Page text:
More than two years on from her promise of a sovereign Brexit at Lancaster House in January 2017 Theresa May has gone full circle. Her abysmal Withdrawal Deal threatens to take Britain out of the European Union in name only. The House of Commons has pushed back the exit date and is agitating for even closer alignment with the EU. Brexit might not happen at all.
The prime minister is no longer in control, following MPs’ sustained efforts to rule out the possibility of leaving the EU without a deal, together with successive defeats of her Withdrawal Agreement. Faced with a parliamentary party divided over British independence and propped up by the patriotic DUP in Northern Ireland, Mrs May – who voted Remain – has been struggling to exert any kind of authority since the disastrous 2017 election, which reaffirmed the public’s commitment to leaving the EU. 82% of MPs were elected on pro-Brexit manifestos.
If anyone is in control of the nation’s destiny, it is the EU27, who have already granted the British government a two-week delay to the original exit date, March 29. Since then, May has failed, yet again, to get a majority behind the same deal, prompting her to reach out to Jeremy Corbyn, who contrary to May is a lifelong Eurosceptic representing a predominately pro-EU party. More significantly however, the Labour leader despises the Conservatives and wants Brexit to bring about their destruction.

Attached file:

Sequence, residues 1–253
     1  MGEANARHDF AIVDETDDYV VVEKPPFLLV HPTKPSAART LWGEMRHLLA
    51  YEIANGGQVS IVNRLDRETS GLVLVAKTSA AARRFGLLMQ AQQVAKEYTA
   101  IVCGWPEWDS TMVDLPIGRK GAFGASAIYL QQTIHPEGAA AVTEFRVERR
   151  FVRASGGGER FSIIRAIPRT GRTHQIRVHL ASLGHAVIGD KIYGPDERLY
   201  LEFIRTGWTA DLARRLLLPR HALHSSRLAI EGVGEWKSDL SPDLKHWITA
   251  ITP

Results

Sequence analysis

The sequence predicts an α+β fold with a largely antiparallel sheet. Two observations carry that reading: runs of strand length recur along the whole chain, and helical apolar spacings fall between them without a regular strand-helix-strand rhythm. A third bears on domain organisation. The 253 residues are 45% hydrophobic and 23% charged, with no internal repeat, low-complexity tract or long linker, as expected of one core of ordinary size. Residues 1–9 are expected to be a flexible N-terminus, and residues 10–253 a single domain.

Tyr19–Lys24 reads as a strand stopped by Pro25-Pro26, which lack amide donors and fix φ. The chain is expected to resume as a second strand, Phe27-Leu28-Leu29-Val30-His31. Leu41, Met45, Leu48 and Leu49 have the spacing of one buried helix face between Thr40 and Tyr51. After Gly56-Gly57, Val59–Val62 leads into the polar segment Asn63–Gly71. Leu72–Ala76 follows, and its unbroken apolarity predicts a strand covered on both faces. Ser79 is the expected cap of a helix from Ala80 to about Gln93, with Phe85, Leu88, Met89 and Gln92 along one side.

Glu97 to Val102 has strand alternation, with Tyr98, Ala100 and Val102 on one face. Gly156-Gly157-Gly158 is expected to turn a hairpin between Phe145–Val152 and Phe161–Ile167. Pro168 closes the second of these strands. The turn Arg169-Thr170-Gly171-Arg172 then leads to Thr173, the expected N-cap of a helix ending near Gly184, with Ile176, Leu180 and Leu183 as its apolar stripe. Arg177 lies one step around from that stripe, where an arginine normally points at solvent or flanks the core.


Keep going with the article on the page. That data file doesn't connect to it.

But Corbyn has problems of his own. He is being bullied into adopting a second referendum as part of Labour’s Brexit position. He is known to recognise another vote will enrage the Labour heartlands and is angling for a repackaged version of the current deal, namely permanent membership of the Customs Union and dubious EU protections for workers’ rights. But like May, he is notoriously weak.
The prime minister could be extremely accommodating to Corbyn’s demands, more so than she has been with Brussels (and that is saying something), such is her determination to get withdrawal signed off. Nevertheless, there’s a strong possibility he will give in to another referendum.
The EU has made a long extension conditional on Britain indicating “a new way forward”, in other words, remaining tightly and permanently shackled to the failing project, or a repeat of the 2016 referendum.
Meanwhile, a valiant caucus of pro-Brexit MPs, spearheaded by the DUP has consistently fought against all efforts to delay and sabotage Brexit, keeping hopes of independence alive. A debilitating extension is likely, but all is not lost.
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